"Why, oh, why do I love Paris?"



Film The tourist experience of Paris is unlike anywhere else. It is an intimidating place, especially for a lingually challenged dolt like me and there is so much going on it's difficult to focus and you're inevitably not going to see all of the things you’d want to. But it’s also a dream-like, intoxicating place and the emotions you experience as you stroll along its long boulevards, through its ancient buildings and attempt to get service in its restaurants is like nowhere else. It can also be depressing, particularly if like me you've visited alone, and there isn’t anyone with whom you can share the romance (except, perhaps, total strangers).

I’ve yet to see a film which entirely captures the experience of an outsider visiting the place that manages to highlight the magic with the tragic but the new anthology film Paris J’Taime comes very close, particularly in the segment by Alexander Payne about a woman who visits the city alone but still somehow manages to fall in love with the place despite that. Payne’s section of the film manages to combine some of the funniest material with the saddest as she notices that you can both love and hate the city in equal measure. Best moment? When she says in the voice over that asking for directions gives her a chance to try out her French, only to be answered in perfect English by the Parisian shop keeper -- something which has happened to us all probably.

Anthology films are tricky to design because any linking theme can either free up or be a millstone to directors and writers. In this case it’s a mix of the two and the seventeen segments that appear before Payne quietly steals the show are a mixed bag and it’s certainly true that the very best are those which address the cultural concerns of the city rather simply presenting a story that could happen anywhere. Vincenzo Natali’s contribution in which Elijah Wood has an encounter with a vampire, whilst creepy, could have occurred in any city, whereas the film from Coen brothers in which a silent Steve Buscemi falls foul of the language barrier and someone’s fist on the Paris Metro seems as though it could only happen in Paris.

That isn’t always true and if you’re not a fan of French mimes Sylvain Chomet’s intrusion with its story of how two met and began a family is going to look like a waste of its inspiration, the Eiffel Tower (each of the segments is set in a different arrondissement of Paris). Similarly Christopher Doyle’s surreal fantasy about a traveling hairdresser, looks like the one of those films that introduces an Olympic opening ceremony or the French entry to the Eurovision song contest. But such things are more than made up for by the likes of the tale from Walter Salles and Daniela Thomas starring Catalina Sandino Moreno (from Maria, Full of Grace) which cleanly demonstrates the gap between the immigrant population of the city.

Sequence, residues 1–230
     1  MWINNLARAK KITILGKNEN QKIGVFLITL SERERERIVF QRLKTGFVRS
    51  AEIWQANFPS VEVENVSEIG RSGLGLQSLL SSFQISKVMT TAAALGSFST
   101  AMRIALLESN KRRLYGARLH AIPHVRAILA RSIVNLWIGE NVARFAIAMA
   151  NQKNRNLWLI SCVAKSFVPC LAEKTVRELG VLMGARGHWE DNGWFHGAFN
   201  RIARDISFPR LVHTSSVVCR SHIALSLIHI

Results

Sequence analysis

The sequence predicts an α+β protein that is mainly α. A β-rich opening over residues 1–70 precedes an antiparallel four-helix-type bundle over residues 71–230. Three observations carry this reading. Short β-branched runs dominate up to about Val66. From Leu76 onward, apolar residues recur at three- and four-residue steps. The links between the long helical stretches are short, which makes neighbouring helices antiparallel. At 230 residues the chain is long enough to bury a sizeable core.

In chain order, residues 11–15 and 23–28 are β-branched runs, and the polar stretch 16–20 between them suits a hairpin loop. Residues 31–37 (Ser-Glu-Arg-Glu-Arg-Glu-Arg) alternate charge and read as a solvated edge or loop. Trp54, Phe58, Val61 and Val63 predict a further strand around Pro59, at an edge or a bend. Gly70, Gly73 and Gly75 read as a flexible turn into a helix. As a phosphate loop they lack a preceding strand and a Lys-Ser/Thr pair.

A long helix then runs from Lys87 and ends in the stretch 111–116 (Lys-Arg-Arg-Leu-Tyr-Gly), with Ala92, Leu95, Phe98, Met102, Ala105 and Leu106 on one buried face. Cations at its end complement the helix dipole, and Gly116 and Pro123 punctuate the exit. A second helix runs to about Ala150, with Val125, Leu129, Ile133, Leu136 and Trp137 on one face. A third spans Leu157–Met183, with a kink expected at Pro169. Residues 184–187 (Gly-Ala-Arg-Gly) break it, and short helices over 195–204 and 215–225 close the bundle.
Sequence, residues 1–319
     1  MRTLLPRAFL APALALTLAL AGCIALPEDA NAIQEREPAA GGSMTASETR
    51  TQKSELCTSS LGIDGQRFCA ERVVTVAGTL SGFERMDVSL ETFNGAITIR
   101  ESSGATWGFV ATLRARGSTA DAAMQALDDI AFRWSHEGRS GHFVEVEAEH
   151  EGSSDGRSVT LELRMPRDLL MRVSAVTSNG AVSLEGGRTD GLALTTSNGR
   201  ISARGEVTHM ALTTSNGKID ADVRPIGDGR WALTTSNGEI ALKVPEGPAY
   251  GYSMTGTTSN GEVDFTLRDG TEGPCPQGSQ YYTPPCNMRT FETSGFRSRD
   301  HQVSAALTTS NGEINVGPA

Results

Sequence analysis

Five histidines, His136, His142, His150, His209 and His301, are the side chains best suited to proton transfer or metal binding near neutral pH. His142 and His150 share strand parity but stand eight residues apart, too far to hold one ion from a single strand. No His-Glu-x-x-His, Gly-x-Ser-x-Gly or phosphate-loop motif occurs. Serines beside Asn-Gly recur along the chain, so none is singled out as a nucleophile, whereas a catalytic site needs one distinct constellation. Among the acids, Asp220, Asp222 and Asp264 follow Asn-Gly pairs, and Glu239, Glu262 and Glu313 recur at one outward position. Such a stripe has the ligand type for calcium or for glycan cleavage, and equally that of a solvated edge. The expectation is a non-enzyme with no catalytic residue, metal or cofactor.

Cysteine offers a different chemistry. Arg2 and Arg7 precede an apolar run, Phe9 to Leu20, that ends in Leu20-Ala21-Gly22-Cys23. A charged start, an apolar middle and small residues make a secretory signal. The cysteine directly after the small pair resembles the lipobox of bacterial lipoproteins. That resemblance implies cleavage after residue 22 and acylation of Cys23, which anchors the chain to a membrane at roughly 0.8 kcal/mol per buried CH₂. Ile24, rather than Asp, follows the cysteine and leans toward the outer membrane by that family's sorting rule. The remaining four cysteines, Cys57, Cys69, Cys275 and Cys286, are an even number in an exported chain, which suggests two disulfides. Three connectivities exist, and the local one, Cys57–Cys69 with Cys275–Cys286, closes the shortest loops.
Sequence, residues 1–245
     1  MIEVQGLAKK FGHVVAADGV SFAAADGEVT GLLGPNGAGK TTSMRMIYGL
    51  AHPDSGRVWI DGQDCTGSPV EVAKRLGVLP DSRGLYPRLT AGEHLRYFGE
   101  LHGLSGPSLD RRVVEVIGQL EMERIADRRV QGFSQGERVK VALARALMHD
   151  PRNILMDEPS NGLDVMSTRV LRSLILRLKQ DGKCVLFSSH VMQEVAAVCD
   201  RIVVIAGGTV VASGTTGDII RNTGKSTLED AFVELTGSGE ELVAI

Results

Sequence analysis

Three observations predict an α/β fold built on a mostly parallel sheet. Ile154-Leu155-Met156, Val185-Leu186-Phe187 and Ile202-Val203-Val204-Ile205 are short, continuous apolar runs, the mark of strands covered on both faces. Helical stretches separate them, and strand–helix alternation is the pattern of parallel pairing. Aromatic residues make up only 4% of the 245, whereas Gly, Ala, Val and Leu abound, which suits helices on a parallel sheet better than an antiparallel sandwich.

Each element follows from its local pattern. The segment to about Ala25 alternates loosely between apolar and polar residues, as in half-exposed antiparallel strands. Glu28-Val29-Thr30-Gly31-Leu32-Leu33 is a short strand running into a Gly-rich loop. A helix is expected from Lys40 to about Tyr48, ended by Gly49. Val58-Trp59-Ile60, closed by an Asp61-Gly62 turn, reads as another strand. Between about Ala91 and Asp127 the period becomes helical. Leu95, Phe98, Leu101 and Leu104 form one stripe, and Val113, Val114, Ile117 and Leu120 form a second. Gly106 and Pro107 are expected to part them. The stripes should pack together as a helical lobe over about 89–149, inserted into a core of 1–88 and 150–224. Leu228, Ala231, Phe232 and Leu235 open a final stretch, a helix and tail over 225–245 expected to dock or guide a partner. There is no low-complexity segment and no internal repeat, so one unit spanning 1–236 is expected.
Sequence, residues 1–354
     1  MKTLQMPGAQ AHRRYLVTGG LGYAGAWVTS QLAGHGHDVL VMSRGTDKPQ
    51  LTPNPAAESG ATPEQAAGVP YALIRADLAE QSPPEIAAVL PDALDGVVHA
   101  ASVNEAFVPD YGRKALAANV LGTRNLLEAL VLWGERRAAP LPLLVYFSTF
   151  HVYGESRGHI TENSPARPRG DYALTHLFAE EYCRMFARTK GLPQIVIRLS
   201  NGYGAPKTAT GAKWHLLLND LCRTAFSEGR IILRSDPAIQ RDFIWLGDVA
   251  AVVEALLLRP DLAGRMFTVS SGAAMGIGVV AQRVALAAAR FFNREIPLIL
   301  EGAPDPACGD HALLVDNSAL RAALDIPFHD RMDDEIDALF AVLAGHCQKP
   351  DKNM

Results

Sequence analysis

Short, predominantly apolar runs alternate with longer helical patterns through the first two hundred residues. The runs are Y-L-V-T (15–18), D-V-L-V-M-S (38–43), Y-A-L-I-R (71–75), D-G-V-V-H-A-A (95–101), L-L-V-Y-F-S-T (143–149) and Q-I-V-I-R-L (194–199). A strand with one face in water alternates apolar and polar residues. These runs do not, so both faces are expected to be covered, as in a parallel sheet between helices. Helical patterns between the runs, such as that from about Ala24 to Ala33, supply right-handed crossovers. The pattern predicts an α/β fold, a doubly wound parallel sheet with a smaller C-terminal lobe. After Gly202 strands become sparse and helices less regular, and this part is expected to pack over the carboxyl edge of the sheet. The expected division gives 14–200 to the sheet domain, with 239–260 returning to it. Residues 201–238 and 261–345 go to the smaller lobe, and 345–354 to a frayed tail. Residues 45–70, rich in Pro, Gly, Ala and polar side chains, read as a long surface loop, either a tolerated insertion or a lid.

But it's to the credit of producer Emmanuel Benbihy that the film never feels empty and indeed there are segments where you wish a director had been given more screen time or would go back and continue the story begun. Gurinder Chadha’s ‘Quais de Seine’ is probably her best film, a cross cultural romance with more real heart than the whole of her Bride & Prejudice. Tom Tykwer‘s ‘Faubourg Saint-Denis‘ too is a masterpiece, a love story between the blind Melchior Beslon and movie actress Natalie Portman told in flashback employing a return to the rapid editing and shooting style of his Run, Lola, Run. But in the main each director manages to say everything they want to in the time limit, with Alfonso CuarĂ³n’s ‘Parc Monceau’ playing out in a single shot as Nick Nolte and Ludivine Sagnier walk and talk and cleverly, in the end you have re-evaluate everything you’ve heard.

If there’s a problem, because the directors appear to have been given a freehand, their only pediment being the running time and the arrondissement it’s obvious that Benbihy has had to assemble the pieces retrospectively hoping that they'll all tonally fall into place. Unfortunately it doesn’t quite work, partly because of a middle section in which most of the segments seem to end melancholically but mostly because, despite short buffers introducing each area there isn’t enough time for the audience to refocus ready for the next treat and in some cases that means that they’re not giving the new film enough attention because the previous one is still in the mind. That’s a hazard all anthology films have to deal with, but it’s particularly acute here because of the brevity of the works and the sheer number of them. But you can’t fault the ambition and Paris J’Taime is never less than touching, funny and surprising.

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